Day and the VVLF do not deny atrocities were committed by U.S. soldiers. Day recalled hearing about what is known as the My Lai incident in which a U.S. Army division led by Lt. William L. Calley invaded the South Vietnamese hamlet of My Lai, an alleged Viet Cong stronghold, on March 16, 1968, during which nearly 350 civilians - women and children - were shot to death.
"I would have tried him myself if I was his commander," Day said.
But the same media who covered with relish alleged American atrocities had nothing to say about the Vietcong atrocities which were common, according to Day.
"It was routine for them to kill entire villages of people they thought might be sympathetic to the forces of South Vietnam," he said. "They would assassinate the village leader and all his family if there was any suspicion they were working with the South."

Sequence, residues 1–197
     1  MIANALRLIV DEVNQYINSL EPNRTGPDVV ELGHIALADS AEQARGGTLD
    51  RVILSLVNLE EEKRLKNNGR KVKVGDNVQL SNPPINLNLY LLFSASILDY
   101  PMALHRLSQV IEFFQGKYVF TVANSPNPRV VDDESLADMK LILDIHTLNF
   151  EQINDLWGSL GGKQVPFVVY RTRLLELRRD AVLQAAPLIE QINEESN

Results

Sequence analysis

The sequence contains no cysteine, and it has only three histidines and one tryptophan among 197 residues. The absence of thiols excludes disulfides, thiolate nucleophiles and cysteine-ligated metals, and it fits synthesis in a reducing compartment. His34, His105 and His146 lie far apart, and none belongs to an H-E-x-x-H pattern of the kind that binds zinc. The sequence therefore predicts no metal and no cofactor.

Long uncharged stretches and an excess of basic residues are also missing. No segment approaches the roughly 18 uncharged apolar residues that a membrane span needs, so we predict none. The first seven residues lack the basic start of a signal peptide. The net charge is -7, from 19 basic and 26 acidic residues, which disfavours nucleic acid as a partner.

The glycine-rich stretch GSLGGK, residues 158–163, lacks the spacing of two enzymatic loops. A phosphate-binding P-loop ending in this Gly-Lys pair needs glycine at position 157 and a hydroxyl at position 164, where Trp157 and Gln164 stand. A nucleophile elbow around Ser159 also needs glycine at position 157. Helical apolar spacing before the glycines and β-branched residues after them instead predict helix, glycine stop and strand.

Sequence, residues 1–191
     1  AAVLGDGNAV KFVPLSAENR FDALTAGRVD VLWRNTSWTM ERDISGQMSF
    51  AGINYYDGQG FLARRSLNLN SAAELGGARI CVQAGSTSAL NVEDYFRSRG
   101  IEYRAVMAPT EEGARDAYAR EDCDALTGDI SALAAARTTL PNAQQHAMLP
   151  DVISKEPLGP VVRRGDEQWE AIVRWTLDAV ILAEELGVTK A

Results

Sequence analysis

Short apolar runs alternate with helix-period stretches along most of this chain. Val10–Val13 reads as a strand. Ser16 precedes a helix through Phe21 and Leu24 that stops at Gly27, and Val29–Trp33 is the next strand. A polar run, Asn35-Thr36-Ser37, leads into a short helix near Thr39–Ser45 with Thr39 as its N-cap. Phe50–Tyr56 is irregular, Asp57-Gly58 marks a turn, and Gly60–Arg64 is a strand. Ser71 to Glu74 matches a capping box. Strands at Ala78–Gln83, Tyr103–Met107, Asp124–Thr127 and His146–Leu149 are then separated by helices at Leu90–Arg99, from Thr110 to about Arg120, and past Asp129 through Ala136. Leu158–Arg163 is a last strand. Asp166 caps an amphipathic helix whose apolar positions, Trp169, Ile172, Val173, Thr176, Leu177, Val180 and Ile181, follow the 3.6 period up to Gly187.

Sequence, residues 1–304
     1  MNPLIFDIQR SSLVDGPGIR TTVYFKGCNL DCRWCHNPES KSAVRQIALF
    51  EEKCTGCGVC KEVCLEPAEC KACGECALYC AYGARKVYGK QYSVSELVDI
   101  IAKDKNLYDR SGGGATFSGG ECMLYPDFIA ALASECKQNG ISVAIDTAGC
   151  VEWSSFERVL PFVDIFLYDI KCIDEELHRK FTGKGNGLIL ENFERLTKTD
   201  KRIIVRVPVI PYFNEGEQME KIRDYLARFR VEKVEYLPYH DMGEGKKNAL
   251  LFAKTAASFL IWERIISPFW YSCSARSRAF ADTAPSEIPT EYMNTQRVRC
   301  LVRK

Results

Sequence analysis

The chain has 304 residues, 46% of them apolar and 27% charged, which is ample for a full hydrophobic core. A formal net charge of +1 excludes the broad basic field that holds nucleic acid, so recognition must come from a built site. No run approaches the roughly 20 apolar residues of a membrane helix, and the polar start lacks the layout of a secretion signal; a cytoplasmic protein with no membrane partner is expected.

Journalists, however, apparently had an agenda that was more important to them than reporting the facts, he said. "Principle among those was Dan Rather, Morley Safer from CBS and Walter Cronkite - all were very pro-North Vietnamese. They wanted the North Vietnamese to win," Day recalled. "We called them the 'Communist Broadcasting System.'"
Floyd is among those who believe television had a negative influence on the public attitude toward the war.
"I think it harmed us. War is war and I don't think we needed people filming it," Floyd said. Most of the time, he said, it seemed as if citizens at home were seeing more of the war on TV than the soldiers in combat.